Supporting New and Expecting Parents

Employment insurance (EI) maternity and parental benefits provide financial assistance to people who are away from work because they are pregnant, have recently given birth, or are caring for their newborn or newly adopted child. Under this benefit, a parent can receive up to 55 per cent of their earnings, to a maximum of $595 a week. Maternity benefits can be taken for up to 15 weeks, while parental benefits can be taken for up to 40 weeks, with one parent allowed to take up to 35 of those weeks. Parents may also access extended parental leave for up to 69 weeks, with one parent allowed to take up to 61 of those weeks.

Adoptive parents are entitled to EI parental benefits, but cannot access the extra 15 weeks available to birth parents. This is despite Justin Trudeau’s promise during the 2019 campaign to fix this inequity.

More generous maternity and parental leave

Canada’s maternity and parental leave programs play an essential role in enhancing equality and strengthening the economy. To improve these programs, Canada’s Conservatives will allow those on maternity and parental leave to earn up to $1,000 per month with no impact to their EI benefits. Many lower income parents cannot afford the reduced earnings (55 per cent) of EI benefits for the full one-year period. The demands of a modern workforce can also impact parents who are trying to keep up their skills and stay connected to their industry or workplace. As a result, many return to work full-time after just a few months.

The ability to supplement EI with extra earnings from remote work, gig work, or a few part-time shifts will enable some parents to take more months at home with the baby. It will also enable parents to earn a little extra income, stay connected to the workforce, and ease their return to work.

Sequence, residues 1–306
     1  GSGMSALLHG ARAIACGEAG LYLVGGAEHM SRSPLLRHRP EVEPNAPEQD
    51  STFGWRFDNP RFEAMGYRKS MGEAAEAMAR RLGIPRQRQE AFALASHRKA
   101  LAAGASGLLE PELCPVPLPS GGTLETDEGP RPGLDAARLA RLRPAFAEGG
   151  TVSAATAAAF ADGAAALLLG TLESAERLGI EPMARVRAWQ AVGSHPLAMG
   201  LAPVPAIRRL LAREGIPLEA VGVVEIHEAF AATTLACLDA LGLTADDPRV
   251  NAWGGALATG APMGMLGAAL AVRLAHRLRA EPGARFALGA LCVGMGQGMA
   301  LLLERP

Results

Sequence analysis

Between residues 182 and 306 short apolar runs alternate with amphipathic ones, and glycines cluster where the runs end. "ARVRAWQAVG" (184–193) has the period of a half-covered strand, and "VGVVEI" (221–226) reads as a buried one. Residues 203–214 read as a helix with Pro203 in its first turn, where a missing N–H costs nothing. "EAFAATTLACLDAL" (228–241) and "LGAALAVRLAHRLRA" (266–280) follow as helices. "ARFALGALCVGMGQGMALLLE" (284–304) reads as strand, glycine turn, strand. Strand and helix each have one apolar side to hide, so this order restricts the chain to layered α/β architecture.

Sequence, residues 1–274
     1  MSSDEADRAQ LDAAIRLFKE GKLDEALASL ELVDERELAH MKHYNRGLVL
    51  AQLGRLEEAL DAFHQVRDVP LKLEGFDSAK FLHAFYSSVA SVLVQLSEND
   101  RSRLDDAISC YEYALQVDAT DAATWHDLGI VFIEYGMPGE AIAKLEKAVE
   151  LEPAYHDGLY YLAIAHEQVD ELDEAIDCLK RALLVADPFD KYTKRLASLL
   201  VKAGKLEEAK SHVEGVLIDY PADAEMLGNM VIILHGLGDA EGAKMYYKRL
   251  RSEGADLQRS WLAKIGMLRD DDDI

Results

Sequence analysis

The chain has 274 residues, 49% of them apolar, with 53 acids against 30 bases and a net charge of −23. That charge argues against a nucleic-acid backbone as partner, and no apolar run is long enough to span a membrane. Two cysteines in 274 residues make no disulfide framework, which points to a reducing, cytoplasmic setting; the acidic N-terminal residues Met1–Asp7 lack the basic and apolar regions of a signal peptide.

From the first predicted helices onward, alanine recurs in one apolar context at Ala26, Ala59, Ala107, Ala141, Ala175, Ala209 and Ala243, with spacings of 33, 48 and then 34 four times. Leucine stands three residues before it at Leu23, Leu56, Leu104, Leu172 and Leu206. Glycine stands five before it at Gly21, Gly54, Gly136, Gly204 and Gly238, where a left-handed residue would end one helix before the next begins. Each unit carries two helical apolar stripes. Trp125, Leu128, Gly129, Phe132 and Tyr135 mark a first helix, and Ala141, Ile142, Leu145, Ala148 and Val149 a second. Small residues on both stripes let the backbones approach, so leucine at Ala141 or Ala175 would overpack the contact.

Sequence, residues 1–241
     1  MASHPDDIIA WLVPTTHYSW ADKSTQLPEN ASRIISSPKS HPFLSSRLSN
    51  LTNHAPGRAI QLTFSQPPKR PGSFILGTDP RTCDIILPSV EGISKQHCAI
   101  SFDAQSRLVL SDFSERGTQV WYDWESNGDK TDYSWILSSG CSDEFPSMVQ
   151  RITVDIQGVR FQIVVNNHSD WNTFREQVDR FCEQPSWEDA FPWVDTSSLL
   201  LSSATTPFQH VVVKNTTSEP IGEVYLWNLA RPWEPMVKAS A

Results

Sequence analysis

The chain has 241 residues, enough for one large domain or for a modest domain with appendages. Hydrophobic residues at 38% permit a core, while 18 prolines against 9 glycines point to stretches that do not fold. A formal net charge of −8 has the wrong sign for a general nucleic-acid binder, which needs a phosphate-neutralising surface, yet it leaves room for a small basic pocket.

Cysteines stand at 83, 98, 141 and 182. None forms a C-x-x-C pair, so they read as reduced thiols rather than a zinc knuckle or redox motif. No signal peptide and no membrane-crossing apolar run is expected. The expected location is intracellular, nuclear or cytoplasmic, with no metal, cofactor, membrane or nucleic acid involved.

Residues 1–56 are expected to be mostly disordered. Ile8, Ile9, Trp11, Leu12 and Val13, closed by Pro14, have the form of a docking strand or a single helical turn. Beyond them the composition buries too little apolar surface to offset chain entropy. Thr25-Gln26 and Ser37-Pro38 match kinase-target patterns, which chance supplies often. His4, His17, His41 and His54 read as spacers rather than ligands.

The EI Working While on Claim, which allows parents to keep 50 cents of EI benefits for every dollar they earn, will now apply after a parent earns their first $1,000 in income. This means that a parent can earn $1,000 with no impact on EI benefits, and then every dollar earned above $1,000 would result in a 50 cent reduction in benefits. This change will provide even more flexibility to parents.

Supporting expectant parents

Canada’s Conservatives recognize that the cost of raising children continues to skyrocket. The birth of a child often brings many first-time costs for cribs, clothes, car

seats and a range of other items needed for the family. A Conservative government will expand the Canada Child Benefit by allowing benefits to begin at the seventh month of pregnancy rather than at childbirth. This change will make the benefit much more practical and tailored to the real needs of parents as they prepare for the birth of their child.

A National Adoption Strategy

According to the Children’s Aid Foundation, there are 30,000 children in Canada’s welfare system who are eligible for adoption and there are another 63,000 children living in foster care, kinship care, or group care. Each year, Canadians adopt about 2,000 children.

A Conservative government will create a National Adoption Strategy that will include more generous benefits for adoptive parents. It will make adoptive parents eligible for an extra 15 weeks of EI benefits. It will also increase the Adoption Expense Tax Credit from $15,000 to $20,000. These changes will allow adoptive parents to access the same EI benefits as non-adoptive parents of 50 weeks of parental leave.

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